1. JohnnieCanuck says

    Reminds me of the bad guys in A Bug’s Life.

    I could definitely see these as the prototype for a horror movie. Either in their millions or magnified in mass by a million.

  2. Trebuchet says

    Cephalopods, of course, can match ANY background, not just one particular tree. And are thus superior.

    Hmm, the spellchecker in Chrome doesn’t know “cephalopod”. It’s a conspiracy!

  3. craigrheinheimer says

    It’s a phasmid, inspiration for naval tactics to defeat evil pirates and win the day for the English crown! Yes, Russel Crow, this science stuff has a use after all.

  4. danja says

    Amazing. You can see how someone who’d already subscribed to the idea of god would see this as proof of creationism, but for those who care to look a little deeper its a fantastic demonstration of evolution. Just brilliant.

  5. mmmmd says

    Truly wonderful. But what is its name for those of us not quite in the know about insects? Thanks.

  6. mikmik says


    Hmmm… I only see three. Are there any i’m missing?
    *evil Bender laugh*

    Yeah, mister smarty pants? Even though I saw through your ruse, I still looked, just to be sure. I found two images of Jesus!

  7. janfebmar says

    Creationist: “…But it’s still an insect!!” btw has this blog addressed the subject of insect evolution at all? Because I see a lot of the old “cockroaches haven’t evolved in 100 million years – therefore d0G” canard from various creationist sites. But not many explanations to be found for why this appears to be so.

  8. frankb says

    That reminds me of a trip I took with my family to Washington DC in 1992. We visited the Smithsonian’s Museum of Natural History where they had a special exhibit of insects. I walked up to a terrarium that supposedly had some sort of South American walking sticks in it. At first I couldn’t see anything and thought this was hard. I finally spotted the first stick and quickly found another and another. I nearly fell backwards. The terrarium was loaded with the little buggers. Spotting them in the wild would be very hard. They have a good survival strategy.

  9. RobertL says

    frankb – the same thing happened to me at the Queensland Museum insect display. A glass case full of shrubs. I saw one phasmid, “got my eye in”, and then saw the gajillions that I had overlooked until then. And I see plenty of large phasmids in my own garden, so I “knew” what I was looking for.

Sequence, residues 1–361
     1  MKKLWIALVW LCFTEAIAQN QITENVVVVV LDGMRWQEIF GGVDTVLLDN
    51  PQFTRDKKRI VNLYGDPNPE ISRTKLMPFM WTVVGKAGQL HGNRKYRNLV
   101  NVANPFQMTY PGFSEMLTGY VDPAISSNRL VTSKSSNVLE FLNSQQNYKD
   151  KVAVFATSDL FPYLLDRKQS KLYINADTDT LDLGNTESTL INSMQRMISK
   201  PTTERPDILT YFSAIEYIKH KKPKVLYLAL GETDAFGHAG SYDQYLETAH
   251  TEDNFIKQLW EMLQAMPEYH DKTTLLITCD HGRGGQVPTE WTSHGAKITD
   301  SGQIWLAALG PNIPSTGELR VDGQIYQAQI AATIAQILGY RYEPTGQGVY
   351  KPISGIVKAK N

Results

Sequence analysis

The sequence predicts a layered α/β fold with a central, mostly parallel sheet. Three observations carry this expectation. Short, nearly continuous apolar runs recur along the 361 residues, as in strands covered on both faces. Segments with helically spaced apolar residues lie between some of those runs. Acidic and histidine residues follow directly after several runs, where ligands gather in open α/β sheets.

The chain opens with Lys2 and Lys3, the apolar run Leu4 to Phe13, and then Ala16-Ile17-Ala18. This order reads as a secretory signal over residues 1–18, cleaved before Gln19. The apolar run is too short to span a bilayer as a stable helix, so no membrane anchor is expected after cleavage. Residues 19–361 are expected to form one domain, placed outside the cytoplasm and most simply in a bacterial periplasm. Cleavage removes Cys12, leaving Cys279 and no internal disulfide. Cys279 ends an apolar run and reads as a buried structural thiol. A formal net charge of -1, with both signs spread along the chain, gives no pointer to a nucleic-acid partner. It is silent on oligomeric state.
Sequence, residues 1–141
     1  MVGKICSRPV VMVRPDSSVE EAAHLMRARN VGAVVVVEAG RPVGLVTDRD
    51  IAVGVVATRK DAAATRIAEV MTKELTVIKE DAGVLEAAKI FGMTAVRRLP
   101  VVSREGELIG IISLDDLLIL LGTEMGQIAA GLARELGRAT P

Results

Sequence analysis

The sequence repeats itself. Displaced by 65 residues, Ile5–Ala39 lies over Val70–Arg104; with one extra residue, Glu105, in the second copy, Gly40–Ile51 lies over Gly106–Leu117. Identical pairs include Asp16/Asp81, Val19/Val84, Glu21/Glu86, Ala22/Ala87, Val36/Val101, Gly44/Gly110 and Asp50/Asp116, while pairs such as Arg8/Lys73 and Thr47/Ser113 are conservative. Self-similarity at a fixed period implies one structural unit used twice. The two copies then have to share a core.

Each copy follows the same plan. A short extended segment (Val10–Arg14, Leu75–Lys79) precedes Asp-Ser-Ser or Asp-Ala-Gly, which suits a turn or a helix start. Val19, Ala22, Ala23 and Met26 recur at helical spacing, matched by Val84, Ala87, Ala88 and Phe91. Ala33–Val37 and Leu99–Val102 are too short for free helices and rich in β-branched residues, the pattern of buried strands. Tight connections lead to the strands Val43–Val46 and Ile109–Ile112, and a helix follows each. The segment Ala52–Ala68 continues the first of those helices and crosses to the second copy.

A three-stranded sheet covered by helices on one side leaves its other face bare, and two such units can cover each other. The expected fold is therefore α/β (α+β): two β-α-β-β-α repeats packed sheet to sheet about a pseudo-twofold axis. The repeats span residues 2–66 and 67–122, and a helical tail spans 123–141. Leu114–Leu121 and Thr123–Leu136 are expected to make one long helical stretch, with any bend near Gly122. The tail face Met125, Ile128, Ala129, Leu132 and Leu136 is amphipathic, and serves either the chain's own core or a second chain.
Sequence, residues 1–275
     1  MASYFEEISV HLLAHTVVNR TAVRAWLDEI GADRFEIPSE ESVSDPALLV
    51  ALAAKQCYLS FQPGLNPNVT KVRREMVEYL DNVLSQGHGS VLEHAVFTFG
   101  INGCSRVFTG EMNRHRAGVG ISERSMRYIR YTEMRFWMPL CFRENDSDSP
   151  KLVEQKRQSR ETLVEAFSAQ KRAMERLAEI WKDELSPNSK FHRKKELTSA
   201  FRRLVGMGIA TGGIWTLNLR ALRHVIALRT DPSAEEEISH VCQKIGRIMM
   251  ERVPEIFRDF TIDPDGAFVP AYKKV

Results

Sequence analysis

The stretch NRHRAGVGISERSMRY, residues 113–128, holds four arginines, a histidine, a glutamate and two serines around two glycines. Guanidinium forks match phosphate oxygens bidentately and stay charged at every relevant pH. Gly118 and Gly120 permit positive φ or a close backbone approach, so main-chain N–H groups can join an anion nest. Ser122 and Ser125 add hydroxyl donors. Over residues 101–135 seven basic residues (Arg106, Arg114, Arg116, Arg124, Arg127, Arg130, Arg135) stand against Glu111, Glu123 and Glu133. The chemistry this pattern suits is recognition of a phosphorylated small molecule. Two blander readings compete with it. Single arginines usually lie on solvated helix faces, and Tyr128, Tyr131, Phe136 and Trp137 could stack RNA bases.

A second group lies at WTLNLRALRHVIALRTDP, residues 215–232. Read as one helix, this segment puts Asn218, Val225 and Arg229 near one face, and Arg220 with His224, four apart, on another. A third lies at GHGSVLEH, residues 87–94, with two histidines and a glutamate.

Amazing stuff.

  10. mothra says

    It is CLEARLY not a phasmid. It has saltatorial hindlegs and the head is about twice as long as broad. Phasmids are not saltatorial and their heads are about as long as broad. My guess would be Orthoptera: Acrididae: Catantoptinae, possibly a Coryphistes species.

  11. craigrheinheimer says

    Some people here seriously need a doctor to take a look at their funny bone. It may be missing.

    Be less pedantic, take a minute, and go watch a movie. May I recommend “Master and Commander” as a start?

  12. mothra says

    I do so have a sense of humor, why, once when my father was shutting down an auto factory. . .(but I digress). [apologies to non- U.S. citizens- allusion to American politics]

    Taxonomists tend to be pedantic about identifications because they matter. This blog has a large educational component. A cornerstone of evolutionary biology (if not all of science) is knowing what you are working with. Also, while phasmids are glorious and display an outrageous diversity in morphology, the acridid pictured can be appreciated even more by realizing this creature is a secondary invader into phasmid niche space. Its’ superficial resemblance to a phasmid is evolutionary convergence. So, rather than the merely marvelous camouflage of a phasmid, here we have marvelous camouflage like a phasmid but by a grasshopper. As American TV ads go “The more you know. . .”